TripleA-reno was featured as one of several tools for local governments, at the Mannheim2020 Online Conference, on October 2.
What means can be used to scale up the renovation of building stock in cities, to ultimately achieve ambitious climate, energy and public health goals? The work of the TripleA-reno innovative gamified platform was introduced by project coordinator Dr. Simona d’Oca, who described how TripleA-reno drives building renovations by better responding to user requirements and removing market barriers.
By means of a live demonstration by Ana Sanchis Huertas from the IVE, participants got a behind the scenes look at the design and architecture of the platform, as well as a run-through of the front-end application, which help users assess the impacts of renovation activities on energy consumption, indoor environmental quality as well as health and well-being.
In a lively panel discussion, Henk Kok from Eindhoven (Netherlands), Alejandro Gomes Gil from Valencia (Spain), Matej Drobež from Zagorje (Slovenia) and Hanna Szemző from the think-tank Metropolitan Research Institute (Hungary) shared their insights on deep renovation. Discussions centered on the affordability and attractiveness of energy efficient renovations and the importance of raising awareness for – and increasing access to – renovation initiatives and programs.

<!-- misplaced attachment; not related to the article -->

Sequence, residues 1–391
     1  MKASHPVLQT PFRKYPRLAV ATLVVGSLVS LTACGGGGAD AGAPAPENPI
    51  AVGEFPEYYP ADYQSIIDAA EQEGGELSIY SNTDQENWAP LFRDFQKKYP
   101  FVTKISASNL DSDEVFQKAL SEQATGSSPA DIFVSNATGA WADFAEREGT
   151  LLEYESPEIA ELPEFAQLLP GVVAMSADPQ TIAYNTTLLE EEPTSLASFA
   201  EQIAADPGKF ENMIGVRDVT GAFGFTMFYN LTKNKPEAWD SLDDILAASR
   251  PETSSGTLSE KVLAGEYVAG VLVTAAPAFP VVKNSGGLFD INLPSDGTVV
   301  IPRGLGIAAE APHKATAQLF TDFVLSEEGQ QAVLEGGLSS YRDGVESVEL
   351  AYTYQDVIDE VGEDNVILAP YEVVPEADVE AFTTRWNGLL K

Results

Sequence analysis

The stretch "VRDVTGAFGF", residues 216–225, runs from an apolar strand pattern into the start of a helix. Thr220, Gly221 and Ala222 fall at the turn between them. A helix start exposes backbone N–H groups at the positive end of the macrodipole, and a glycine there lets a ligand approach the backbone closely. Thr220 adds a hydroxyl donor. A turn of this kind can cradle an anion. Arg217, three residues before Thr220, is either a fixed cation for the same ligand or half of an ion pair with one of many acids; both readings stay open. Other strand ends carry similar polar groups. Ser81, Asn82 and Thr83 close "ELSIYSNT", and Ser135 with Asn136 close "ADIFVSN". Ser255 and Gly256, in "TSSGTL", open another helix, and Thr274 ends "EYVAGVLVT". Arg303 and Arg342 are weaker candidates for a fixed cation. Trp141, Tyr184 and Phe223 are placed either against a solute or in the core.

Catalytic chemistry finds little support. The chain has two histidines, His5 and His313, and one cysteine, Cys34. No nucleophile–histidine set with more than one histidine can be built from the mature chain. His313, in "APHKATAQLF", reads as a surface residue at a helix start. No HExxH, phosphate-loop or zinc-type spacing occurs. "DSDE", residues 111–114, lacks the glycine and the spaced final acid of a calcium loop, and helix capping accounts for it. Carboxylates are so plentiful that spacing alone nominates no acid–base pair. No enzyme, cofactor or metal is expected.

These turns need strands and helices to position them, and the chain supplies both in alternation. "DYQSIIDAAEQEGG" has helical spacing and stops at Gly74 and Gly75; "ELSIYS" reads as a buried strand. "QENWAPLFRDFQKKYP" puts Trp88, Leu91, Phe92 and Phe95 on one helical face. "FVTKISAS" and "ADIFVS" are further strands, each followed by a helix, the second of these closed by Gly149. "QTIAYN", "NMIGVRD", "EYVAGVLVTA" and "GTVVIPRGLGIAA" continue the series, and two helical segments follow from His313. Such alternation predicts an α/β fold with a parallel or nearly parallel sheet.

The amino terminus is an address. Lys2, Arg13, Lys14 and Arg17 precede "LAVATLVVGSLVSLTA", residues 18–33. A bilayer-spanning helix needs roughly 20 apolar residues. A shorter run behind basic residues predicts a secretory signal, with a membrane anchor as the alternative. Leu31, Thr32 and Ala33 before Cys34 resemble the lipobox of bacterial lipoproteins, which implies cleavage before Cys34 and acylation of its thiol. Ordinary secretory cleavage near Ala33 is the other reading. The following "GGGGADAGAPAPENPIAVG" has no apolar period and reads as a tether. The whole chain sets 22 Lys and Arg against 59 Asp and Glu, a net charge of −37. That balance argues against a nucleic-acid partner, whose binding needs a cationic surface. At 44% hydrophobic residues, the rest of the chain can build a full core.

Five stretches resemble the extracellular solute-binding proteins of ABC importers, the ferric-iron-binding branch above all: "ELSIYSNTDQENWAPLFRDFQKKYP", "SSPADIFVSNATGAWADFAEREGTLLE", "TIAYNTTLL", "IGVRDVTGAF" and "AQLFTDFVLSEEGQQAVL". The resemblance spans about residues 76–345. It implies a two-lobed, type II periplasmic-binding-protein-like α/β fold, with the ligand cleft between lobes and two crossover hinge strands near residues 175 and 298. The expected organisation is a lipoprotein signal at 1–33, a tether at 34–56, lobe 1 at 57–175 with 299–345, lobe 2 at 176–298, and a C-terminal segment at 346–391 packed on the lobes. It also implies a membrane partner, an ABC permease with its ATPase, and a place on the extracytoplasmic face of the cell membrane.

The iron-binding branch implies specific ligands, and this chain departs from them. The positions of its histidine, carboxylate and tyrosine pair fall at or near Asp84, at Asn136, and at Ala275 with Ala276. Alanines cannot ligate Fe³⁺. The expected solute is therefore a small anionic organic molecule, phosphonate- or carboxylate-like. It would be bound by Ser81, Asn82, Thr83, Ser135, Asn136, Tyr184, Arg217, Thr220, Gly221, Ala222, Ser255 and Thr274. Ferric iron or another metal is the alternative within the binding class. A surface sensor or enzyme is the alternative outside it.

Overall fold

Henk Kok urged local governments to take on a much larger responsibility to lower and remove barriers that hinder the necessary renovation transition, and to become active facilitators of the circumstances that bring the demand and supply side of renovation together. Alejandro Gomez Gil emphasized that most Valencians are not even thinking about renovating due to lack of trust, financial considerations, or other, and therefore awareness-raising is critical to share success stories and make people understand the needs and the benefits. Matej Drobež shared that in Zagorje, the trigger for the municipality to invest and support its citizens with renovation has been the serious air quality concerns, driving many initiatives under the umbrella “Going from Black to Green” due to the coal mining history of the region. Hanna Szemző emphasised the need of a “local hero” or principle change agent – that could be a local government or NGO – that kicks-off initiatives, engages stakeholders and maintains the momentum of renovation initiatives.
Participants expressed interest in the platform, inquiring about access, language, the involvement of local governments, and the financing side of renovation projects. All in all, it was an interesting and interactive session, and for those who missed it or would like to see it again, the session will be available online soon on the TripleA-reno YouTube channel.